Some limitations should be considered when interpreting our results. First, despite our sample size, we had a limited number of BC cases (n = 9) in the KTRs population. Second, the median follow-up period for the KTRs with BC was inadequate. Finally, this was a retrospective study; therefore, we could not control for all confounding variables. However, it is notable that this is the first study to evaluate the incidence of BC in Japanese KTRs.

In summary, given an appropriate screening program, KTRs with BC can be successfully treated using a minimally invasive modality. Although our sample size was small, our experience shows that the patient prognosis in BC is excellent if treatment is administered during the initial stages. We highly recommend BC screening for KTRs to facilitate early detection of BC.

Consent

Written informed consent was obtained from the patient for the publication of this report and any accompanying images.

Declarations

Acknowledgments

The authors thank Youko Watanabe and Dr. Yukito Kokado for conducting the clinical data collection.

Authors’ Affiliations

(1)
Department of Urology, Osaka University Graduate School of Medicine
(2)
Department of Urology, Tokyo Women’s Medical University Graduate School of Medicine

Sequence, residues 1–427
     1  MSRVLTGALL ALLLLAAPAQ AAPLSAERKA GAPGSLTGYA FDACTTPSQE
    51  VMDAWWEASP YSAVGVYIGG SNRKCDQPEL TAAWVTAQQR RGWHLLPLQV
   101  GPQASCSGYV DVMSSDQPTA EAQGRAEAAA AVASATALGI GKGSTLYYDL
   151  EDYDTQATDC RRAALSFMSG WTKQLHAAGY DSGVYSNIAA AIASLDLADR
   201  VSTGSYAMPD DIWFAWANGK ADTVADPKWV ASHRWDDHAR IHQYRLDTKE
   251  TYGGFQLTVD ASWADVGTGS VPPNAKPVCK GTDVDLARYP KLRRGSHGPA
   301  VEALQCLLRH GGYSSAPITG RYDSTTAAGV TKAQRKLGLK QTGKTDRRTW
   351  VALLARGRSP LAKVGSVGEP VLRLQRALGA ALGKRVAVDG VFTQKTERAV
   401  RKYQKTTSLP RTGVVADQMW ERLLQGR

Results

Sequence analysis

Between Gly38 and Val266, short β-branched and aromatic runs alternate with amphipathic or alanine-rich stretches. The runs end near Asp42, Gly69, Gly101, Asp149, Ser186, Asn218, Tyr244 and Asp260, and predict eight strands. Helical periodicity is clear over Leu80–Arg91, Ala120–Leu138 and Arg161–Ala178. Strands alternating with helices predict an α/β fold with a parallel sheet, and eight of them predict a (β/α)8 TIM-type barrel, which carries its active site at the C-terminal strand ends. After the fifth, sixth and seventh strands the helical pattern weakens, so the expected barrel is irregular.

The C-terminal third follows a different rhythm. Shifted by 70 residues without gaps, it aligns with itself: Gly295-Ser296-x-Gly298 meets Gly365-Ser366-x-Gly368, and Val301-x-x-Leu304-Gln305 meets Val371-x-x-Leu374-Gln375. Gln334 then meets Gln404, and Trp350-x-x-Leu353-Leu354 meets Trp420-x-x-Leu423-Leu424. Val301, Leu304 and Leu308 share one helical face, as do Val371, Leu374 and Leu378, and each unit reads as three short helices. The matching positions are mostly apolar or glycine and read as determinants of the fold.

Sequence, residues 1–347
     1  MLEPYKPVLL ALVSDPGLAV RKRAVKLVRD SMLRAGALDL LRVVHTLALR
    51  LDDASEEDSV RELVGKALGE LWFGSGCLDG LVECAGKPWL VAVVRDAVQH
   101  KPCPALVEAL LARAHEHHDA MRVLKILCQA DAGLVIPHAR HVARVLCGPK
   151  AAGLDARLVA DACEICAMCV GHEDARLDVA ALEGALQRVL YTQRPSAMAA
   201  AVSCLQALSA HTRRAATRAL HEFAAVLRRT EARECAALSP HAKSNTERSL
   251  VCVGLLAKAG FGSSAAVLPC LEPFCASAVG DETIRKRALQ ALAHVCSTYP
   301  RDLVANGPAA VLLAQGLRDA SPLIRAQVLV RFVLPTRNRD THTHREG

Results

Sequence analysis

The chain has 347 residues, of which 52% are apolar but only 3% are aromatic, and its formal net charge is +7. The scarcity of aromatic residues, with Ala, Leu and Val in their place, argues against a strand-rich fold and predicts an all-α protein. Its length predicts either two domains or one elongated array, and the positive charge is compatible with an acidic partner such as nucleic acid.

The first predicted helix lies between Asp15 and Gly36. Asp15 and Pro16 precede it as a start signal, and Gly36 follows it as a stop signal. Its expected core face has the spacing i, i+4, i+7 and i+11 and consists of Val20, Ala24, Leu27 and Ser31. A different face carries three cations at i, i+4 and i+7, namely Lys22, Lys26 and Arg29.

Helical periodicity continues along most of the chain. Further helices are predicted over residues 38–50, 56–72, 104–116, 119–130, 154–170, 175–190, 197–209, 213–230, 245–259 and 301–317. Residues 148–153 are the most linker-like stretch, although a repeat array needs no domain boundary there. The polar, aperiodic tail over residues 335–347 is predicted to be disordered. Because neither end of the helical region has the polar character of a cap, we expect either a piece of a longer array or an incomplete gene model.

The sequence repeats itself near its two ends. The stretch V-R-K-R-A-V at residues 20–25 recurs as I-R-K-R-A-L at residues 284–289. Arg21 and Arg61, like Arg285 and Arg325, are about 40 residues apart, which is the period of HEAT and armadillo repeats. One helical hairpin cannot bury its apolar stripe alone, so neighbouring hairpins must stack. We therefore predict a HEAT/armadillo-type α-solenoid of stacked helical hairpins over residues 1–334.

(3)
Department of Advanced Technology for Transplantation, Osaka University Graduate School of Medicine

References

  1. Agraharkar ML, Cinclair RD, Kuo YF, Daller JA, Shahinian VB (2004) Risk of malignancy with long-term immunosuppression in renal transplant recipients. Kidney Int 66:383–389View ArticleGoogle Scholar
  2. Alberu J, Pascoe MD, Campistol JM, Schena FP, Rial Mdel C, Polinsky M, Neylan JF, Korth-Bradley J, Goldberg-Alberts R, Maller ES, Sirolimus CONVERT Trial Study Group (2011) Lower malignancy rates in renal allograft recipients converted to sirolimus-based, calcineurin inhibitor-free immunotherapy: 24-month results from the CONVERT trial. Transplantation 92:303–310View ArticleGoogle Scholar
  3. Baselga J, Campone M, Piccart M, Burris HA 3rd, Rugo HS, Sahmoud T, Noguchi S, Gnant M, Pritchard KI, Lebrun F, Beck JT, Ito Y, Yardley D, Deleu I, Perez A, Bachelot T, Vittori L, Xu Z, Mukhopadhyay P, Lebwohl D, Hortobagyi GN (2012) Everolimus in postmenopausal hormone-receptor-positive advanced breast cancer. N Engl J Med 366:520–529View ArticleGoogle Scholar
  4. Birkeland SA, Lokkegaard H, Storm HH (2000) Cancer risk in patients on dialysis and after renal transplantation. Lancet 355:1886–1887View ArticleGoogle Scholar
  5. Buell JF, Hanaway MJ, Trofe J, Gross TG, Beebe TM, Alloway RR, First MR, Woodle ES (2002) De novo breast cancer in renal transplant recipients. Transplant Proc 34:1778–1779View ArticleGoogle Scholar
  6. Buell JF, Gross TG, Woodle ES (2005) Malignancy after transplantation. Transplantation 80:S254–S264View ArticleGoogle Scholar
  7. Campistol JM (2009) Minimizing the risk of posttransplant malignancy. Transplantation 87:S19–S22View ArticleGoogle Scholar
  8. EBPG Expert Group on Renal Transplantation (2002) European best practice guidelines for renal transplantation. Section IV: Long-term management of the transplant recipient. Nephrol Dial Transplant 17(4):1–67Google Scholar